Great Neck resident Steven Nerayoff has been indicted in Brooklyn on extortion charges that involved demanding a payoff in cryptocurrency, the U.S. attorney’s office there said.
Nerayoff, 48, a tech entrepreneur, along with an associate, Michael Hlady, carried out an “old-fashioned shakedown,” in the words of Richard P. Donoghue, U.S. attorney for the Eastern District of New York, against a Seattle-based startup cryptocurrency company for $13 million.
Nerayoff was released on $750,000 bond after his court appearance last Wednesday, according to a news release from Donoghue’s office.
“This Office and our partners at the FBI are committed to protecting businesses from extortion, whether the demands are for U.S. dollars or cryptocurrency,” said Donoghue.
Nerayoff has been an adviser for over 25 cryptocurrency-based projects and has founded platforms within the technological currency world. Nerayoff and Hlady reportedly threatened to destroy the company if millions of dollars worth of the cryptocurrency Ether was not delivered to them.
“When you peel back the layers of this case, an age-old extortion scheme is revealed with a modern-day twist,” said William F. Sweeney Jr., FBI assistant director-in-charge.
The U.S. attorney’s office said that the victimized company, whose name has not been released, uses cryptocurrency as a reward for returning customers in order to generate web traffic to clients.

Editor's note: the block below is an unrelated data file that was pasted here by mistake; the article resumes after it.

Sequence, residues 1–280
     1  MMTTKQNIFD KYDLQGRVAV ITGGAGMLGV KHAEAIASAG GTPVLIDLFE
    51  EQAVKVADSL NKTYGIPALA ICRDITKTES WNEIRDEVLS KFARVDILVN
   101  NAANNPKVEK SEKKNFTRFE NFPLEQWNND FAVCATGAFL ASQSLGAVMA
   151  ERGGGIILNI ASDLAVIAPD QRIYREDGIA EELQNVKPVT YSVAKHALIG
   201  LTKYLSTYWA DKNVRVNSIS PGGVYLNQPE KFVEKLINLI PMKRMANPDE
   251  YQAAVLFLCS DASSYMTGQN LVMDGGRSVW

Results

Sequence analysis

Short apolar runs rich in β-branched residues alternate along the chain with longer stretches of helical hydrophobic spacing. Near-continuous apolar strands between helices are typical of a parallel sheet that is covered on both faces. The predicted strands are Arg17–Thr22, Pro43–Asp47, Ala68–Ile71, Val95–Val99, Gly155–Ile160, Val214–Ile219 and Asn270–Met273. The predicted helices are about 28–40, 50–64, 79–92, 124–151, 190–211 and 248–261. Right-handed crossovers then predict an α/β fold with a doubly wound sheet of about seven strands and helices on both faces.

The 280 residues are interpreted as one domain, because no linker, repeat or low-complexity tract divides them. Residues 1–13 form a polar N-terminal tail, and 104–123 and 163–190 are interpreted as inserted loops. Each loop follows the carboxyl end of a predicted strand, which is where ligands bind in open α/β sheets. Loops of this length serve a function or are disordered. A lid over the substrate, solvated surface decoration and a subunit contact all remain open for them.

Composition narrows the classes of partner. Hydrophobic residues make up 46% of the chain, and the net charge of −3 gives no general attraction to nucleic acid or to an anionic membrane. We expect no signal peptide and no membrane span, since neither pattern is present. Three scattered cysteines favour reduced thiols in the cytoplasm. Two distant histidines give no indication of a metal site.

In November 2017, Nerayoff agreed to advise and help the startup company gain initial capital, and in return, he would receive 22.5% of all crypto funds raised. Nerayoff then told the startup company that his profit would have to increase by roughly $8.75 million, or he would destroy the company by sabotaging its initial coin offering, according to the U.S. attorney’s office.
“A civil dispute has been improperly distorted into a criminal matter,” said Nerayoff’s lawyer, Avi Moskowitz. “Mr. Nerayoff looks forward to the truth coming out and clearing his name.”
The U.S. attorney’s office said that Nerayoff introduced Hlady, who went by the alias “Michael Peters,” to the startup company. Hlady was known as Nerayoff’s “operations guy” and claimed he had “taken down” a head of state and had been part of the Irish Republican Army, Central Intelligence Agency and FBI.
Four months after Nerayoff’s initial threat, he followed up by demanding a loan for additional cyber funds of approximately $4.45 million, according to Donoghue’s office. The loan was never repaid, according to officials.
If convicted, Nerayoff and Hlady each face up to 20 years in prison, according to the U.S. attorney’s office.